Skateboarding roots – 2000s
This era is known for rising popularity for kids under 18. Even baseball didn’t bring as much many as skateboarding did to young teenagers. Skateparks were used for commercial purposes. Skateboarding instructors started educating specific programs – Skate pass, Skateistan… Strength and conditioning training sessions gained more and more important role in the creation of the professional athlete.
Go Skateboarding Day was found in 2003. Its main goal is the promotion of the sport. It is celebrated on June 21st, every year. The number of skateboarders in the world started to grow rapidly. Many skateboarding campaigns started to take place. Good skaters were invited to skate in the skateparks and stay away from prohibited areas. A lot of money is invested in public areas and public skateparks. Rob Dyrdek, a former skateboarding champion, initiated the creation of skateboarding plazas. It costs less money than skateboarding park but keeps skateboarder of the street and dangerous zones. For example, SMP Skatepark in China is one of the biggest in the world, and it even has a huge stadium. Skateboarding Hall of Fame is opened in 2009.
Barefoot skateboarding started to revive again. It mostly happens in warmer countries, like Spain, South Africa, Brazil… The plastic penny board is used for this type of skateboarding.
Skateboarding roots – interesting facts that followed the rise of skateboarding
Trick skating is invented since the 1970s. This is a competition where skateboarders perform various tricks that impress the crowd. While earlier there were only maneuvers on two wheels, and spinning on the back wheels, it became very popular later. The main trick, in the beginning, was “hippie jump”. Later, other tricks were invented – ollie, 360 kickflips, pop shove it… The latest extremely popular and difficult trick is 1080, developed by Tom Schaar in 2012.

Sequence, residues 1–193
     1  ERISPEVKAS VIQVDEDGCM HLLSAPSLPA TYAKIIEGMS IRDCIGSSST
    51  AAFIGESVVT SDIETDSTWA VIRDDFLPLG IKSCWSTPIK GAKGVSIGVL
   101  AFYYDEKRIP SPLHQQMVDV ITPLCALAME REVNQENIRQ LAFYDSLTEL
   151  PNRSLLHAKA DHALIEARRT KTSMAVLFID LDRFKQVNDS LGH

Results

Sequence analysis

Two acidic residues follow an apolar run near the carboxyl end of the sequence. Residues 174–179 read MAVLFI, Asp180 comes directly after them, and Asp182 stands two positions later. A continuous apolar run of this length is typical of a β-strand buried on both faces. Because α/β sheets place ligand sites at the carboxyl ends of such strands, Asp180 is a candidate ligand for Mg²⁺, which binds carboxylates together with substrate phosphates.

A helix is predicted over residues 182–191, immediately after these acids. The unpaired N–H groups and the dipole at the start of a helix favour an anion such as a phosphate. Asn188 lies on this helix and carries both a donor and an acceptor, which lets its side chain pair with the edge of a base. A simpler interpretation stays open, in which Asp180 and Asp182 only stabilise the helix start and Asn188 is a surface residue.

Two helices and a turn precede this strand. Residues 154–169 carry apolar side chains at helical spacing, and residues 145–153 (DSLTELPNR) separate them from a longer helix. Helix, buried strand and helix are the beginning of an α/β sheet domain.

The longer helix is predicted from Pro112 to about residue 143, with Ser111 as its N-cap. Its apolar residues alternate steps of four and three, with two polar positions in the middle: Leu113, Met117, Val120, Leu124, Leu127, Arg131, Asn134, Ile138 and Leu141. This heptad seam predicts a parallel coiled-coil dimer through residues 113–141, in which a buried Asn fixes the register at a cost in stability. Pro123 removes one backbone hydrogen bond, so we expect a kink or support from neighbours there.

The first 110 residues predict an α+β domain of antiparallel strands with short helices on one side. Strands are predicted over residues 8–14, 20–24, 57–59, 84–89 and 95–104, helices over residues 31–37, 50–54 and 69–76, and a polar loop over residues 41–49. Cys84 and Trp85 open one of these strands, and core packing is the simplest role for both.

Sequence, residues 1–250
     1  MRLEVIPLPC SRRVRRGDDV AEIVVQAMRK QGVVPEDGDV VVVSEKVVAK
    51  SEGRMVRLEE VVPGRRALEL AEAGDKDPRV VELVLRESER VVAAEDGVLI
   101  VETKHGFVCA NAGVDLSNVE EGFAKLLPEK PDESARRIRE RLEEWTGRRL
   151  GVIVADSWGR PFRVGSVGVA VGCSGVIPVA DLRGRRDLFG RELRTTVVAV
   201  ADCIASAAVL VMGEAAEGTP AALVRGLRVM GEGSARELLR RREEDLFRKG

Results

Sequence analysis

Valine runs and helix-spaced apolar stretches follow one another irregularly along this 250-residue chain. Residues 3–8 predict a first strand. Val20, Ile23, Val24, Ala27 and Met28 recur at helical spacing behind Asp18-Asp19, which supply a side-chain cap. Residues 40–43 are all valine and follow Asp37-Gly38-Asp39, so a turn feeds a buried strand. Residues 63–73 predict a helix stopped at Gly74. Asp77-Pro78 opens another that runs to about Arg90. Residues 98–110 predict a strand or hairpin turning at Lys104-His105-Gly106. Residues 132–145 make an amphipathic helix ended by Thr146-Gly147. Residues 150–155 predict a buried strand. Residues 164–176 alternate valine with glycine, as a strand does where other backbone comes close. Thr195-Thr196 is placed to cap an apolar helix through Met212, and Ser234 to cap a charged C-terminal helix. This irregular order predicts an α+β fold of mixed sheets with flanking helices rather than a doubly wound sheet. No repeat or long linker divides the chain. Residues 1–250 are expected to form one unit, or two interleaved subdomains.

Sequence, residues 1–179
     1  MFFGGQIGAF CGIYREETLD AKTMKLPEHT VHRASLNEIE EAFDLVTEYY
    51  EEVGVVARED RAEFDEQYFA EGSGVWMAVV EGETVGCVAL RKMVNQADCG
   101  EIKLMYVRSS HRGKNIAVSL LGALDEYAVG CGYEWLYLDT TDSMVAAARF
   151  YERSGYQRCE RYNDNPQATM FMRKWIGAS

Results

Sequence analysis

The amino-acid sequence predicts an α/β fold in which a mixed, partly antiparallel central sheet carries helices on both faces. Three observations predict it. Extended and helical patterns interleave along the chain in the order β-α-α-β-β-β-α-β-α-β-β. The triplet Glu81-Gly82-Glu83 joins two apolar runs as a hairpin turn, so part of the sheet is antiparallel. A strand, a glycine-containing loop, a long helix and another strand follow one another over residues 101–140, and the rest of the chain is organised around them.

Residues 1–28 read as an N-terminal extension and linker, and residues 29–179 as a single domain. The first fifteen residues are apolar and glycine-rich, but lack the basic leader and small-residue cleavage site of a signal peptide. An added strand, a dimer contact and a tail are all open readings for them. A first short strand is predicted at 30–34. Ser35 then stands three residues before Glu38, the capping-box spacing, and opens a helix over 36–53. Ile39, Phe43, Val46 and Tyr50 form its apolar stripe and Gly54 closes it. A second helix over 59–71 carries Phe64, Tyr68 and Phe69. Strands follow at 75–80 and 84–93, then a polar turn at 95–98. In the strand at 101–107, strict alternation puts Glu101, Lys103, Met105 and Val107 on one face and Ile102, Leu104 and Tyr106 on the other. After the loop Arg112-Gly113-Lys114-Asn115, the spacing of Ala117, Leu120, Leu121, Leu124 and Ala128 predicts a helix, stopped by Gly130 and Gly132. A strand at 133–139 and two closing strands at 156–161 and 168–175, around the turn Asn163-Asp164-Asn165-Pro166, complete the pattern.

Culture, alongside the description of a rebel, uses the hard rock, hip-hop, or reggae music to define the skateboarder. Many skateboarders put these types of music in their videos. It is believed that skateboarders respect no authority. The movie Gleaming the Cube (1989) described the life of the skateboarder. Many famous skateboarders appeared, like Tony Hawk and Rodney Mullen, who was the stunt of the main actor, Christian Slater. The skateboarding culture orders innovation, not a replication of the videos.
It has been worked on safety a lot at the later stages. In-line skates and scooters were very dangerous. A small crack could take the skater down off the board. Today, injuries are very rare. Here is a thread which describes how to minimize injuries. A skateboarder must have bicycle helmets and other protective gear (wrist guards, knee guards) in many countries. It is regulated by law. In Norway, it is even ordered during the late 1970s that skateparks have to be made outside of urban areas. Skateboarders were a danger to the pedestrians and traffic earlier. However, every single day is worked on skater’s awareness. Heavy injuries occur very rarely. Often injuries are bruises, sprains, cuts, and scrapes.